Having completed the friendship series, I was at a loss on what to write about for the blog. So I asked my family about possible topics and my next topic is: Why do Aspergians have troubles working with others / on teams?
Living in the science and technology world, I have experienced many times working with someone who has the brains and ability to do the job very well but cannot function on the team. But why?
As I explored this topic and many, many anecdotes about it, I found issues in three main areas: Social, Focus, and Sensory
Aspergians often have issues in the workplace due to their inability to notice and process social cues such as facial expressions or body gestures and many Aspergians do not look people in the eye. For NT’s, they may feel disrespected by the Aspergian. My son’s elementary school principal made a BIG deal that he would not look her in the eye. She interpreted it as he was up to no good. I didn’t realize at the time what it meant. (Honestly, she was a martinet who couldn’t handle new ideas so no surprise she had no clue what Aspergers was and the indicators for it)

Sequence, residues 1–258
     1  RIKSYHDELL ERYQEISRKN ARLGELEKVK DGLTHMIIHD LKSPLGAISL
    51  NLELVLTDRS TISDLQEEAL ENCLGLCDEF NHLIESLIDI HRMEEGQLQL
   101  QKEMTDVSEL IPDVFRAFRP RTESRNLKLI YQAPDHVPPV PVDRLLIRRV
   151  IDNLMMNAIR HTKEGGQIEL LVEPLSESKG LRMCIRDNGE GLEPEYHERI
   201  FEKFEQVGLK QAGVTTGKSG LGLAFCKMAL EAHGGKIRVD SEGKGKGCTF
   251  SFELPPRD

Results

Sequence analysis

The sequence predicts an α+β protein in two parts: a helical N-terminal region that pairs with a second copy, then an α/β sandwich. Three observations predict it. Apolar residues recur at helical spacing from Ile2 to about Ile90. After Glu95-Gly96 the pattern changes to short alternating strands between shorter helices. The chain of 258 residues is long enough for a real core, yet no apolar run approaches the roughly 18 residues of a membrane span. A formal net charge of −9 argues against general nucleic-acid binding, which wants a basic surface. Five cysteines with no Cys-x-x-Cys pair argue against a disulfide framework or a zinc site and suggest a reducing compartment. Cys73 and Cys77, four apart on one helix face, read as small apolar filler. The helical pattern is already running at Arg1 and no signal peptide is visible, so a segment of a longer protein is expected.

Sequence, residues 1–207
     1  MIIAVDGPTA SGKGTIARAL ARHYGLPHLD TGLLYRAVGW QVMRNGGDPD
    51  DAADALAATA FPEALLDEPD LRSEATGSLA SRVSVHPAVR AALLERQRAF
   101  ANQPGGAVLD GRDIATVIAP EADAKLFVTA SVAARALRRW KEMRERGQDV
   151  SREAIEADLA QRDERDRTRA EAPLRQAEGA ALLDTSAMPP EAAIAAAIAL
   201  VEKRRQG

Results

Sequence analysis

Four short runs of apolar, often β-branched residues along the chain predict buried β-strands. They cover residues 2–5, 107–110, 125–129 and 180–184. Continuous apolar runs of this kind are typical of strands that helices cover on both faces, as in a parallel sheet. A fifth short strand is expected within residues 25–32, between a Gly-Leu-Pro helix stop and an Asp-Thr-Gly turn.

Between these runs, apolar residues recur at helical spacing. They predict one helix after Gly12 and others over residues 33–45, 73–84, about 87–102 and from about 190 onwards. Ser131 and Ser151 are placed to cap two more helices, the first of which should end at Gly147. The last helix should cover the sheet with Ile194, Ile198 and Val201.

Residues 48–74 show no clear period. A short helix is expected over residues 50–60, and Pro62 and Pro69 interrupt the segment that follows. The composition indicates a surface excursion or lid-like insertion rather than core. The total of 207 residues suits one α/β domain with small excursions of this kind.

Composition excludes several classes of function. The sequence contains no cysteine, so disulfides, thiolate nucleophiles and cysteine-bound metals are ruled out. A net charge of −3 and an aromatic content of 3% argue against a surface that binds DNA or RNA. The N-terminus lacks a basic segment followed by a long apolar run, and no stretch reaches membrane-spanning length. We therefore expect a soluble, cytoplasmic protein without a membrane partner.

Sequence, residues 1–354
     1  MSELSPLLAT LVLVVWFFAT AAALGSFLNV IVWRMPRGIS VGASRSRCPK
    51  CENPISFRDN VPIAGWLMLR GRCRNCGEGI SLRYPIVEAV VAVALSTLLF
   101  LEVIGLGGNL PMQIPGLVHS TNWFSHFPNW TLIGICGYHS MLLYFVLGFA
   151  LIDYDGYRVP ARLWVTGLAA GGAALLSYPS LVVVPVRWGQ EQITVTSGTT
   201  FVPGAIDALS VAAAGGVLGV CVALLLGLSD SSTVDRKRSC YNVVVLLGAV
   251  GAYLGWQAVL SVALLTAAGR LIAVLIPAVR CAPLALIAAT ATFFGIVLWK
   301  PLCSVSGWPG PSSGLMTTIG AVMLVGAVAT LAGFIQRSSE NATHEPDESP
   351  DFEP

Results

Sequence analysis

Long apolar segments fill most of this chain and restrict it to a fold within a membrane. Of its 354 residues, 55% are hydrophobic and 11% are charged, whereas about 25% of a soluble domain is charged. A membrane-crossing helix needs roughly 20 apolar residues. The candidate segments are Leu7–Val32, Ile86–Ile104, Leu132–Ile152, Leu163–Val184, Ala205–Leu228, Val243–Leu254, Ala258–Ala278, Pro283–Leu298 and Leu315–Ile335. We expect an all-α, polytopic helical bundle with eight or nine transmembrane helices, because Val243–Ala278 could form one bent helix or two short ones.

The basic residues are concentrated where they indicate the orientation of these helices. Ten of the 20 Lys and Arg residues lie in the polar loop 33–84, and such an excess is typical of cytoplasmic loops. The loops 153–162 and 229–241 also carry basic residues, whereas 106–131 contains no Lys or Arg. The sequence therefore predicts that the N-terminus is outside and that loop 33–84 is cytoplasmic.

Aspergians are often blunt. Yes, utterly and completely. Why should I have to add extra words when I can describe it simply as bad or worthless or crap? You can either find that bluntness refreshing or painful. Guess what many NT’s think?
Voice control is another area where many Aspergians have issues. Often they talk too loudly or they sound angry when they are excited, but when the volume/tone is discussed with them, they don’t understand. My son talks louder than necessary and the volume increases as he gets excited or upset. I often need to indicate to him (via a hand signal) to reduce the volume.
Small talk? Many Aspergians don’t need no stinkin small talk. At least you won’t get much from them. And if you do get some, it will probably be about some obscure topic.
In summary, for social issues, many Aspergians are hard to work with if you have standard NT sensibilities. They may not know last night’s baseball score (but they might, it involves numbers…). They will not notice that they grossed you out with a discussion. They may be too loud in their speech, or most impossible to engage in conversation at all. And if that shirt makes you look fat, they will tell you.
In the original Star Wars movie, there is a scene near the end of the movie where the rebels are attacking the Death Star. They are overwhelmed with Empire ships chasing them, Empire guns shooting at, and when one of the rebel pilots begins to unravel his commander says “Stay on target”. At my job, this phrase is OFTEN used to rein people back into the work they should be doing.
Aspergians often have issues keeping focus on a topic. At work, it is necessary to be able to integrate what you see, hear, remember, and what is documented to do your job. At this point, multi-tasking isn’t just good, it’s required (ADHD people take heart, your multiple thread skills can actually help as an adult).